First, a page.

Research & Action Report Fall/Winter 2004
Linda Williams, Ph.D. traveled to Brisbane, Australia, in September to present a paper, co-authored with Veronica Herrera, at the International Society for the Prevention of Child Abuse and Neglect (ISPCAN) 15th International Congress.
Research & Action Report Spring/Summer 2005
In December 2004, Linda Williams, Ph.D. and Nan Stein, Ed.D. met with Orietta Gargano, executive director of the Rome Anti-Violence Center in Italy, to discuss collaborative efforts to stop violence against women and girls in the United States and Italy.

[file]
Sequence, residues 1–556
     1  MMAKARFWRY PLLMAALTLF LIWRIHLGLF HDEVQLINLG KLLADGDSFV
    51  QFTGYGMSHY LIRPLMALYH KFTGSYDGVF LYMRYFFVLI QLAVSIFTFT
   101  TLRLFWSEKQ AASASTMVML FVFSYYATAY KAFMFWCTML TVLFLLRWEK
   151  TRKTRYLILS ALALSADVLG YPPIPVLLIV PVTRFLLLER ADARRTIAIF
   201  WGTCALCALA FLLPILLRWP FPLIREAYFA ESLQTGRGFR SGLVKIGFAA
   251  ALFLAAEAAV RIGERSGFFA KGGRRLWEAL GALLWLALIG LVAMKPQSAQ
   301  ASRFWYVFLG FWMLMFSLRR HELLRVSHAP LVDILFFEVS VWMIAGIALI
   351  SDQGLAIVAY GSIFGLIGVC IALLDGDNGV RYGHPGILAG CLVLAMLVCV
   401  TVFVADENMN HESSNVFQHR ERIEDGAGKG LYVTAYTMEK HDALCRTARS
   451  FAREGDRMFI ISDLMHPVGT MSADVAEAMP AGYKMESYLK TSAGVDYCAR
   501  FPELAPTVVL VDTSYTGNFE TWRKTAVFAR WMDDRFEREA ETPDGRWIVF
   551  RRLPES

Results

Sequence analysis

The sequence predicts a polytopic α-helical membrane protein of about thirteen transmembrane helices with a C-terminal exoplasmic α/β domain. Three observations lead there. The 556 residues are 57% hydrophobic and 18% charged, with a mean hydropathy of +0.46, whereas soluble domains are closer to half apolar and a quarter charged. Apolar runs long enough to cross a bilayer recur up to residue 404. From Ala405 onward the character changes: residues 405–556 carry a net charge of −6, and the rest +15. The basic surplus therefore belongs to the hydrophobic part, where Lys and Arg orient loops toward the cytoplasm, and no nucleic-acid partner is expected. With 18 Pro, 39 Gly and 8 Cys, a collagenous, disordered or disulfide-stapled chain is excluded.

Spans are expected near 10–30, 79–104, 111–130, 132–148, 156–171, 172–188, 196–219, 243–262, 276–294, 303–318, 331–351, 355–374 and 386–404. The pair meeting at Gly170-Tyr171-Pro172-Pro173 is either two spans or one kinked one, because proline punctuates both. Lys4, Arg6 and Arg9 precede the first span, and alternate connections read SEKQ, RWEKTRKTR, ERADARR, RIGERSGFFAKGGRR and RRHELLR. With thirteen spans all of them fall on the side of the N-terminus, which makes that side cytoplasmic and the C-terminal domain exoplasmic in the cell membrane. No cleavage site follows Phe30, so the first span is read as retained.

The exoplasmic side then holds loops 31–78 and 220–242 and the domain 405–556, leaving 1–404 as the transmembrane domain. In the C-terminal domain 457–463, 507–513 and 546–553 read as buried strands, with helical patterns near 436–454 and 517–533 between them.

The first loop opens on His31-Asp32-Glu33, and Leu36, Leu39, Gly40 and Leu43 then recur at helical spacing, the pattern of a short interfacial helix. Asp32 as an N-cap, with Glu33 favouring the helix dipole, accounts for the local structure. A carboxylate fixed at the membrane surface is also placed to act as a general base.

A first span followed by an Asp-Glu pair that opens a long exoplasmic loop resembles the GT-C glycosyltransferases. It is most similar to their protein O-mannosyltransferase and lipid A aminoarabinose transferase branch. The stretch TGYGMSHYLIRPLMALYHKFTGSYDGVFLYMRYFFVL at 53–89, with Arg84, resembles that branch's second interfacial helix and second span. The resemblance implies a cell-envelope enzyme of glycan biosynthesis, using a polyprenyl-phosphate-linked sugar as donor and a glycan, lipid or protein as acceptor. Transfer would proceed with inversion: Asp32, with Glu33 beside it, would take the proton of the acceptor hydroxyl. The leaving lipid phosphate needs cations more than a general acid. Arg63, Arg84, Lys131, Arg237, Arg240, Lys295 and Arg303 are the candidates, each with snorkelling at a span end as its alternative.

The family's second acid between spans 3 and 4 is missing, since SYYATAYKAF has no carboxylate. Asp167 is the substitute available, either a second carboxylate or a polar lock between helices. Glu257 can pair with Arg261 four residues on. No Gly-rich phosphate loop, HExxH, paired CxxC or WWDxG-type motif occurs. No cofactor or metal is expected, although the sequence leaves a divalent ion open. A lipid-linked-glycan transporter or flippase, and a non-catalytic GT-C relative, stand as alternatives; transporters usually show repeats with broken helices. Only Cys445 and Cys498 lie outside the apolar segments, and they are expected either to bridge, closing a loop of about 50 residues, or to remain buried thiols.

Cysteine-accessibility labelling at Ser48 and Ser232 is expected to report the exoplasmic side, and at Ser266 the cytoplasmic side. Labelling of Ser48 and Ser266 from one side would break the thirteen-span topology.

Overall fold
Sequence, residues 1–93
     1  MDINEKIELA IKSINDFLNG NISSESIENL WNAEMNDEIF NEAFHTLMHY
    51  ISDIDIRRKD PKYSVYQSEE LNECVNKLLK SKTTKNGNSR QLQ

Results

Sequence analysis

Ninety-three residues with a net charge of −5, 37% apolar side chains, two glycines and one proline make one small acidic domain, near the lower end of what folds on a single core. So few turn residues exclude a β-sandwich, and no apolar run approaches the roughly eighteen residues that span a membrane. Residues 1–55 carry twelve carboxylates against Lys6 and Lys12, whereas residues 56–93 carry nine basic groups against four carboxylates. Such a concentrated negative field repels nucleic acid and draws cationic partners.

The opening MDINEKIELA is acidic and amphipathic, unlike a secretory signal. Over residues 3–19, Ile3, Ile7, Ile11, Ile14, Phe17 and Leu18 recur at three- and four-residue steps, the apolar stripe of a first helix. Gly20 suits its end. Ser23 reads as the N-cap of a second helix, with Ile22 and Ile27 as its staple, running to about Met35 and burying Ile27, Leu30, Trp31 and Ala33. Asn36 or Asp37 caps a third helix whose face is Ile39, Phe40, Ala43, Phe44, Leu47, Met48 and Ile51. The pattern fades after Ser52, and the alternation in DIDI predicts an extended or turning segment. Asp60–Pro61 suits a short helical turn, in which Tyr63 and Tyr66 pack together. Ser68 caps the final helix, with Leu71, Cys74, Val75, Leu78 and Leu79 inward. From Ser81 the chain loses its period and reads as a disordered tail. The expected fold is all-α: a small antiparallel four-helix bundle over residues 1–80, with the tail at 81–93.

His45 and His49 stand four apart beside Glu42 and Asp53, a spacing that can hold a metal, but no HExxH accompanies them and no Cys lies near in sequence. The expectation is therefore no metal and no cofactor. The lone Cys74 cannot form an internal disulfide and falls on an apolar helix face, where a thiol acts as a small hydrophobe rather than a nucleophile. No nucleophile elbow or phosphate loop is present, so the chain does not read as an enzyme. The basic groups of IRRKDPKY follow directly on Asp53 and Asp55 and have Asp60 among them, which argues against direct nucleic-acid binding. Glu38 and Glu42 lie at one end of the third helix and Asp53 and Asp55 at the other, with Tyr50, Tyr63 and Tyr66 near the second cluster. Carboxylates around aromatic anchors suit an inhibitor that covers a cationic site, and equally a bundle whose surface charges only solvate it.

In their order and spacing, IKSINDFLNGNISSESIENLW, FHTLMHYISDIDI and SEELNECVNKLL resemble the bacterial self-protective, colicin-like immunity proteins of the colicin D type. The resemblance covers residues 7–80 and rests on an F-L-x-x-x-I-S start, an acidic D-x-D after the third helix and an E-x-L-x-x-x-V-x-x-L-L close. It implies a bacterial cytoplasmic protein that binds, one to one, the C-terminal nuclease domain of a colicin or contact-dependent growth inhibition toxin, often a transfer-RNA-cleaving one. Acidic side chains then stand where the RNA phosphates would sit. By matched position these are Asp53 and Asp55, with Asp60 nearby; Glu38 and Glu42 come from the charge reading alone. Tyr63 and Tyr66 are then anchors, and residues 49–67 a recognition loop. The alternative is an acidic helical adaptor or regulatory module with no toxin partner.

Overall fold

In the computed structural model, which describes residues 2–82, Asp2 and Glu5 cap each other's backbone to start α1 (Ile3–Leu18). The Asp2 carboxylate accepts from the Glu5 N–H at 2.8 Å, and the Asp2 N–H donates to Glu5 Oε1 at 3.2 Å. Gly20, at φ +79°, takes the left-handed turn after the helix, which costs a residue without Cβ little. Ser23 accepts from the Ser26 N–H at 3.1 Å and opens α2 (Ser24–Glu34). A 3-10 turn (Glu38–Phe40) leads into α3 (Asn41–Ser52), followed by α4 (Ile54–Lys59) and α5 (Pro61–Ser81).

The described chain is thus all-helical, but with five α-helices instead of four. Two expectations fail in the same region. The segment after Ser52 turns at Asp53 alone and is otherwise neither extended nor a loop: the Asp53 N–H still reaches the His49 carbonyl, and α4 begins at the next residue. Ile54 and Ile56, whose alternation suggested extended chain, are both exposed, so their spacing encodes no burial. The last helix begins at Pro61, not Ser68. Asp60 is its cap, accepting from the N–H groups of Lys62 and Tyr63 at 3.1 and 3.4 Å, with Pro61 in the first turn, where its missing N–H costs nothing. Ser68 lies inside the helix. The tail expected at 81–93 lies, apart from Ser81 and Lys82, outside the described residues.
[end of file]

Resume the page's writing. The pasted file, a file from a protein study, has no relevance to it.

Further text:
Research & Action Report Fall/Winter 2005
Nan Stein, Ed.D., Jasmine Waddell, Ph.D. and Linda Williams, Ph.D. presented at the third South African Gender-Based Violence and Health Conference, designed to bring together researchers, clinicians, program managers, and policy-makers to discuss topics such as HIV/AIDS, sexually transmitted diseases, vulnerable children, barrier methods, contraception, gender, and gender-based violence among others.
by Linda M. Williams, Ph.D.
February 7, 2005